You are here

Every pregnant woman deserves a safe delivery – even if she is living through a humanitarian crisis. Midwives can provide this care, saving lives in the process.

Midwives have also been critical to the health response, particularly the sexual and reproductive health and rights-related response supported by the United Nations Population Fund (UNFPA) and its partners.

Significant investments in midwifery are essential if the world is to achieve our global target to zero preventable maternal mortality and newborn deaths. Midwives are, therefore, essential to achieving the Sustainable Development Goals (SDGs).

Karaliani Nagale Macanawai and Timaleti Moceivei are the two retired but currently licensed and registered Fijian midwives who are part of the twelve (12) retired midwives deployed by the UNFPA Pacific to the north of Fiji to work as facilitators in the Women Friendly Spaces (WFS) in response to the relief and recovery efforts for the communities who were severely affected by Tropical Cyclone (TC) Yasa and Ana. Communities in the areas worst hit by TC Yasa and Ana, particularly women and girls, have been benefiting from services provided by the WFS. 

The Pacific needs more midwives like Karalaini and Timaleti. In March this year, Karalaini and Timaleti saved the life of a young mother while safely delivering a baby in an emergency with the help of their other colleagues at the Lekutu Health Centre in Bua.  "We had to make it a safe delivery according to the health facilities and available equipment at the health center", Karaliani said. She said that after the successful delivery, the mother and baby were transferred to Labasa Hospital in an ambulance and were accompanied by a Paediatrician and a midwife. She added that the young mother was grateful to the midwives for assisting her and making sure that it was a safe delivery.

In addition, Timaleti highlighted that midwives have an essential role to play in preparing for and providing sexual and reproductive health (SRH) services in humanitarian settings due to their unique knowledge and skills, a position as frontline providers, and geographic and social proximity to the communities they serve.

Karalaini and Timaleti have worked with the Fijian Ministry of Health and Medical Services for several years. They are currently serving the communities affected by the TC Yasa and TC Ana cyclone in the north with assistance from UNFPA Pacific, the Ministry of Health and Medical Services, and support from the Government of Australia.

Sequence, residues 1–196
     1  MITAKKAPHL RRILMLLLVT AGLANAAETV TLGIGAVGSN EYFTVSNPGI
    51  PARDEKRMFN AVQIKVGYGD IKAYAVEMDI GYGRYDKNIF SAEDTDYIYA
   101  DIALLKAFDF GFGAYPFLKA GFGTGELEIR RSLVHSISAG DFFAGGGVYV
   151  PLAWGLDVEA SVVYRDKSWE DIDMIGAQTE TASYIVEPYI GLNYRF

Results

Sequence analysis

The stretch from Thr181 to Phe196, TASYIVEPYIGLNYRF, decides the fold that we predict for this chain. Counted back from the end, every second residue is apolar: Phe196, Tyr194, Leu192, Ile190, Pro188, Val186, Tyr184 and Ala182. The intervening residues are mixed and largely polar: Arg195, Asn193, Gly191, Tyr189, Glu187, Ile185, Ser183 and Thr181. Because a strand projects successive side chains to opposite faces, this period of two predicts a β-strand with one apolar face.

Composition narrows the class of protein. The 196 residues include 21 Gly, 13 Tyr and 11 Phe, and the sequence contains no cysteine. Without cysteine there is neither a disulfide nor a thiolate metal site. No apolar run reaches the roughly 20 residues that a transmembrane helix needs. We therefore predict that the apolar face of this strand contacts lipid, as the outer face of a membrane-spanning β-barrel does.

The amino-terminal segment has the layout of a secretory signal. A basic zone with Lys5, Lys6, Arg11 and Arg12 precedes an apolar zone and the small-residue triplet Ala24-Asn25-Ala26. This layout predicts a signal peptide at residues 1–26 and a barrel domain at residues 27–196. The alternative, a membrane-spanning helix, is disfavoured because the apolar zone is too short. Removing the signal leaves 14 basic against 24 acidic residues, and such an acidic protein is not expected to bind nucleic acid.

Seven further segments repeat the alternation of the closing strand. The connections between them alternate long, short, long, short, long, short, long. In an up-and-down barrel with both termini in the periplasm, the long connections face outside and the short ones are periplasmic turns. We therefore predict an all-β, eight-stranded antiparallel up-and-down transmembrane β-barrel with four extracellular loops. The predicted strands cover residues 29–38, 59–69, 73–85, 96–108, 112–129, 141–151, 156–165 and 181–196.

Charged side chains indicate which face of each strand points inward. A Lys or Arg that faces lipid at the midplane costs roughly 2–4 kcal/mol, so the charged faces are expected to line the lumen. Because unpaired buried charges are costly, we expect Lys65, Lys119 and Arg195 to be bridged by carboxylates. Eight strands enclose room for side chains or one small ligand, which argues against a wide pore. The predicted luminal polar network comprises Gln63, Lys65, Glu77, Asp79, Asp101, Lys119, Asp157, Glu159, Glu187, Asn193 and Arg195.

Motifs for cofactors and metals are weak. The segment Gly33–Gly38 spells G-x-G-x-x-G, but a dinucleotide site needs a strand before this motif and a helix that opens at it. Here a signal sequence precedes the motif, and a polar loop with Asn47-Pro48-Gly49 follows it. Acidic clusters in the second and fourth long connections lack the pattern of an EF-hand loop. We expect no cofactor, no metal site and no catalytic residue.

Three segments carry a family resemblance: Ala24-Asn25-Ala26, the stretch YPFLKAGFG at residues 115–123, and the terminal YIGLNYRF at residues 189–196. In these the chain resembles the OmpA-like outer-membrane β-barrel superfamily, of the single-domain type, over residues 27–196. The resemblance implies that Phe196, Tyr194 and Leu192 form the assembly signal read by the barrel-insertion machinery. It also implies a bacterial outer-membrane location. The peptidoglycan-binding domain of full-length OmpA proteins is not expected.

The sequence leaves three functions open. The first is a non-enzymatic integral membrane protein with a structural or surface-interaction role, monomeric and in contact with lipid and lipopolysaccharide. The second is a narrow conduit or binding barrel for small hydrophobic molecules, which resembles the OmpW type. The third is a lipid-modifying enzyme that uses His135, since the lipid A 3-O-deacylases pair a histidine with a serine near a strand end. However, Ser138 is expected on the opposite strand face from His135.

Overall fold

Karalaini stresses that the UNFPA Pacific has assisted her in scaling up skills and knowledge of nursing and midwifery. According to Karalaini, all women are precious and need to be supported by all means while being provided with proper health care to live a happy life.

Deploying senior Fijian midwives remain at the heart of the humanitarian response strategy in the Pacific.

“Fijian midwives have been central to our work in the Pacific, including those who have retired from formal services but who responded positively to our call for midwives to support UNFPA Pacific’s humanitarian efforts, in Fiji and other Pacific Island countries," Dr Jennifer Butler, UNFPA Pacific Director and Representative said.

Dr Bulter said UNFPA applauds the retired midwives generally who have had to work in challenging circumstances, geographical or otherwise, sacrificing time with their families to ensure a good beginning for newborns and their parents.

Well-trained and supported midwives working in communities are uniquely positioned to provide the compassionate, respectful, and culturally sensitive care a woman needs during pregnancy and childbirth. Midwifery is equally important for newborns during the critical first month of life and is a significant contribution to sexual and reproductive health in general.

On this International Day of the Midwife, we at UNFPA renew our commitment to working with our partners across the Pacific to strengthen midwifery skills and capacities.